Alphonso Davies breaks Bundesliga speed record, adds league title to meteoric rise with Bayern Munich

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Alphonso Davies breaks Bundesliga speed record, adds league title to meteoric rise with Bayern Munich 1

Alphonso Davies wasn’t on the field for the big moment, the moment he’d worked to achieve through 11 1/2 months: five weeks of preseason training with Bayern Munich, seven months of near-weekly competition, two months of hiatus because of the COVID-19 pandemic, another month playing in empty stadiums and then 79 minutes Tuesday afternoon.

But only 79 minutes.

When the final whistle blew, and Bayern had completed a 1-0 victory over Werder Bremen that clinched an eighth consecutive Bundesliga title, Davies had been disqualified from the game because he’d twice been shown yellow cards. The second of them was harsh, because he’d not done anything physically egregious and neither had he wrecked a promising play with his foul.

Alphonso Davies is shown the red card in Bayern Munich’s Bundesliga-clinching victory.

Regardless, he was sent off and Bayern had to preserve its one-goal lead with only 10 men. There were a few moments of danger from Bremen, but nothing that prevented Germany’s solitary soccer power from completing its mission, again.

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A 19-year-old who grew up in Edmonton and polished his skill with the Vancouver Whitecaps, Davies did leave the game with a Bundesliga record. During the first half, based on tracking technology, he was timed at a top speed of 36.51 kilometers per hour — or 22.7 miles per hour — while retreating to disrupt a Bremen attack. No one in the Bundesliga has run faster since such data first became available in 2013-14.

“I just do my job,” Davies said following the game. “I don’t know when that happened, but I just do my job defensively, trying to get the ball back. But I’m happy that I can break a record.”

Bayern’s single goal came just before halftime on a second chance off a free kick from the left side. Bremen cleared the ball but it was retrieved by defender Jerome Boateng, who floated it over the entirety of the opposing defense. In the box, Robert Lewandowski brought the ball down with his chest and then volleyed it into the left corner of the net.

“We call him ‘Lewangoalski’ for that reason,” Davies said. “He’s a top striker, top in the world. Him coming here, scoring 31 goals … is unbelievable.”

Davies was able to return to the field quickly after the game ended. He was there to congratulate — and be congratulated by — his teammates and to offer some sportsmanship to the defeated side. He and the other Bayern players pulled on Adidas T-shirts with the number 8 on the front to signify their eight consecutive titles.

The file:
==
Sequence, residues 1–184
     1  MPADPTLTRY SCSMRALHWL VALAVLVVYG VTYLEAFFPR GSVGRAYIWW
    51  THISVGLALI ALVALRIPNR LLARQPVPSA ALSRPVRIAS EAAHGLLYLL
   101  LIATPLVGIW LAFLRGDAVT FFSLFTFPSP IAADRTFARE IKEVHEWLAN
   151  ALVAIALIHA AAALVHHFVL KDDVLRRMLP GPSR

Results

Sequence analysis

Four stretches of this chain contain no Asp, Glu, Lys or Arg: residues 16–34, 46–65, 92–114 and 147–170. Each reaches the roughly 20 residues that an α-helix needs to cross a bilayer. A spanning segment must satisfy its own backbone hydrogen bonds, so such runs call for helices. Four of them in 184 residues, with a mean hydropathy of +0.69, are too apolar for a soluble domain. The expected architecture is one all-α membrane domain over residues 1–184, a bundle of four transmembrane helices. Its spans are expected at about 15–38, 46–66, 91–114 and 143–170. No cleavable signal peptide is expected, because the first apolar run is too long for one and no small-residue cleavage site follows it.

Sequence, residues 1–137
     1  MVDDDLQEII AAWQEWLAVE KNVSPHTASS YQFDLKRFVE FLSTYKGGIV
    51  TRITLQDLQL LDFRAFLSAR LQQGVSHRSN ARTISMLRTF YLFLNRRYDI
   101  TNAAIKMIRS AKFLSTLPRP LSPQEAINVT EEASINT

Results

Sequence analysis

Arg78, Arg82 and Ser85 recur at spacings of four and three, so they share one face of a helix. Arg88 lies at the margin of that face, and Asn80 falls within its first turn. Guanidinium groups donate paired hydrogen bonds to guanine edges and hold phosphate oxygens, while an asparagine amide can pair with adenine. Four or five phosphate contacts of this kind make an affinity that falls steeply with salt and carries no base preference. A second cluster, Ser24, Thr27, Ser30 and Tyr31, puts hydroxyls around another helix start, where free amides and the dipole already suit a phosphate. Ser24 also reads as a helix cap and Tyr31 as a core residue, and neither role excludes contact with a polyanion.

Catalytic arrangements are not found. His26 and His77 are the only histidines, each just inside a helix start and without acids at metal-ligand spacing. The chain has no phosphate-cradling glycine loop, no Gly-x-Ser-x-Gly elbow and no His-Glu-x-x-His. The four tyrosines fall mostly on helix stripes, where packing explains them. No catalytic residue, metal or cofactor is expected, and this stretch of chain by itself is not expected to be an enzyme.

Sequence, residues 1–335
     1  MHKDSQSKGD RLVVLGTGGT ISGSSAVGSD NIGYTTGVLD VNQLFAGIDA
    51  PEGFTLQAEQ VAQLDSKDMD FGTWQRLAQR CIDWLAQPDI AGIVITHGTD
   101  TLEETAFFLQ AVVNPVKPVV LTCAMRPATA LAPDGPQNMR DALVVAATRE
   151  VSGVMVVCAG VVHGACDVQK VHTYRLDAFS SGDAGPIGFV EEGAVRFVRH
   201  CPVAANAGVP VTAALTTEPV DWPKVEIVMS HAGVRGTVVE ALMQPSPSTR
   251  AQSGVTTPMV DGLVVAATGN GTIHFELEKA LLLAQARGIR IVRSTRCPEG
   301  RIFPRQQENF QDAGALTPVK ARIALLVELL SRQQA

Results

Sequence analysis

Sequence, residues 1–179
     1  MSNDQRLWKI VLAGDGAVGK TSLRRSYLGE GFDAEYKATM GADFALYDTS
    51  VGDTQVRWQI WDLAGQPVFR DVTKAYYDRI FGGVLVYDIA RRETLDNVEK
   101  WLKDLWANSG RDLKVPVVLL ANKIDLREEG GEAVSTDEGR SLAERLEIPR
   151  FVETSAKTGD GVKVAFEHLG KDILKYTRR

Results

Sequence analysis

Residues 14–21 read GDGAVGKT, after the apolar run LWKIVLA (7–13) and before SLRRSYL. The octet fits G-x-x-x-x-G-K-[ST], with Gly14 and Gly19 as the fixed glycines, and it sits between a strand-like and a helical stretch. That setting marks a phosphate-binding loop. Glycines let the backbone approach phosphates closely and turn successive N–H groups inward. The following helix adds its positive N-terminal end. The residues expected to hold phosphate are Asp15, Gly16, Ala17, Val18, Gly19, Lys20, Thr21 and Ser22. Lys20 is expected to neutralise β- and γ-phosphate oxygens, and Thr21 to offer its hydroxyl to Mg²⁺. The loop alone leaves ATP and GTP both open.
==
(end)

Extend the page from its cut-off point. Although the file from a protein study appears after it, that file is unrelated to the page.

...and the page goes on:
Davies put on a baseball cap bearing the same insignia, though he turned it around so one could see he was part of that eighth championship whether he was coming or going.

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And Davies was an enormous part of Bayern’s triumph.

Through 32 games, he has appeared in 28 and started 23. He has been the automatic starter at left back since late October, a week or so before Bayern fired manager Niko Kovac and replaced him with assistant Hansi Flick. Flick stuck with Davies, and Davies has risen to stardom as rapidly as any recent player in world soccer.

Davies has scored three goals in the Bundesliga and assisted on four others, but more importantly he has afforded Bayern flexibility with his uncommon speed. He is able to attack aggressively from his position and still recover to disrupt opposing counters.

Because Bayern had won seven titles in a row, one might assume the club could have done it again with an ordinary left back. But even though it was clinched with two games remaining, this championship did not come easily. Borussia Monchengladbach led the standings early and RB Leipzig was on top at the midway point. Bayern held a four-point lead when the league was shut down because of the pandemic, and a 1-0 victory over rival Borussia Dortmund put Munich in position to win with a standard performance down the stretch.

Davies’ rapid ascent to what one soccer site labeled a $ 200 million Canadian valuation ($ 147.5 million U.S.), to being regarded as perhaps the world’s best left back, has been one of the astonishing stories of an unprecedented year in world soccer. And he is not finished, although he will miss the next Bundesliga game because of the red card.

Bayern still has the DFB-Pokal cup final on July 4 and, presuming the Champions League can return, a Round of 16 tie with Chelsea to complete. Bayern already owns a 3-0 lead after one leg.

However all that turns out, Davies’ second full year in European soccer will include a championship, one he celebrated afterward in the locker room with a dance alongside Boateng to Travis Scott’s “Sicko Mode.”

He earned this moment, for sure.


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